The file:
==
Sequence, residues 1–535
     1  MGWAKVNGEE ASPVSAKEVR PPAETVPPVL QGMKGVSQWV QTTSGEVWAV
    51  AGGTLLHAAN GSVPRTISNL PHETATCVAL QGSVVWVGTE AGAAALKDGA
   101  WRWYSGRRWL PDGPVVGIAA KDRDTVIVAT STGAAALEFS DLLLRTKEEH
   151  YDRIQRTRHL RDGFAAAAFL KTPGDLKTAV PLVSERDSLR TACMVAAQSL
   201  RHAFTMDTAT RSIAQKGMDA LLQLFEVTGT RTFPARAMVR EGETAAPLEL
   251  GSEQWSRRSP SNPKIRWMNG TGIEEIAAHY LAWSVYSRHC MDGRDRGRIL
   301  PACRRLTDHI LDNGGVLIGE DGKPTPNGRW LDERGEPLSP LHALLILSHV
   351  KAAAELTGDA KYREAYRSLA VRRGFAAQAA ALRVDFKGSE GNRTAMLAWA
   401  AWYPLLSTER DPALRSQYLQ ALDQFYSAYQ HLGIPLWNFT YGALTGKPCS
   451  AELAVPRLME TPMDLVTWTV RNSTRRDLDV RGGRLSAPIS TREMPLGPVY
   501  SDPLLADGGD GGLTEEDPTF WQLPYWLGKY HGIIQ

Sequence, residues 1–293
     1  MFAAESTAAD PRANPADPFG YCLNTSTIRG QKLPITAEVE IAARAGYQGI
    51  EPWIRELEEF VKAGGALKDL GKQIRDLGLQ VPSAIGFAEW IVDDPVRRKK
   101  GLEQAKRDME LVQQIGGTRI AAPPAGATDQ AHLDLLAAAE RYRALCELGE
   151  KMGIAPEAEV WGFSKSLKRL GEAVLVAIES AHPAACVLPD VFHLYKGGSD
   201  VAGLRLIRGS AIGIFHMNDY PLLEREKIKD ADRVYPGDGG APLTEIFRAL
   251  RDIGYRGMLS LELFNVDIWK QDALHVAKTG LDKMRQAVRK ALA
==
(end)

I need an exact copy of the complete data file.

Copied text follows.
Sequence, residues 1–535
     1  MGWAKVNGEE ASPVSAKEVR PPAETVPPVL QGMKGVSQWV QTTSGEVWAV
    51  AGGTLLHAAN GSVPRTISNL PHETATCVAL QGSVVWVGTE AGAAALKDGA
   101  WRWYSGRRWL PDGPVVGIAA KDRDTVIVAT STGAAALEFS DLLLRTKEEH
   151  YDRIQRTRHL RDGFAAAAFL KTPGDLKTAV PLVSERDSLR TACMVAAQSL
   201  RHAFTMDTAT RSIAQKGMDA LLQLFEVTGT RTFPARAMVR EGETAAPLEL
   251  GSEQWSRRSP SNPKIRWMNG TGIEEIAAHY LAWSVYSRHC MDGRDRGRIL
   301  PACRRLTDHI LDNGGVLIGE DGKPTPNGRW LDERGEPLSP LHALLILSHV
   351  KAAAELTGDA KYREAYRSLA VRRGFAAQAA ALRVDFKGSE GNRTAMLAWA
   401  AWYPLLSTER DPALRSQYLQ ALDQFYSAYQ HLGIPLWNFT YGALTGKPCS
   451  AELAVPRLME TPMDLVTWTV RNSTRRDLDV RGGRLSAPIS TREMPLGPVY
   501  SDPLLADGGD GGLTEEDPTF WQLPYWLGKY HGIIQ

Sequence, residues 1–293
     1  MFAAESTAAD PRANPADPFG YCLNTSTIRG QKLPITAEVE IAARAGYQGI
    51  EPWIRELEEF VKAGGALKDL GKQIRDLGLQ VPSAIGFAEW IVDDPVRRKK
   101  GLEQAKRDME LVQQIGGTRI AAPPAGATDQ AHLDLLAAAE RYRALCELGE
   151  KMGIAPEAEV WGFSKSLKRL GEAVLVAIES AHPAACVLPD VFHLYKGGSD
   201  VAGLRLIRGS AIGIFHMNDY PLLEREKIKD ADRVYPGDGG APLTEIFRAL
   251  RDIGYRGMLS LELFNVDIWK QDALHVAKTG LDKMRQAVRK ALA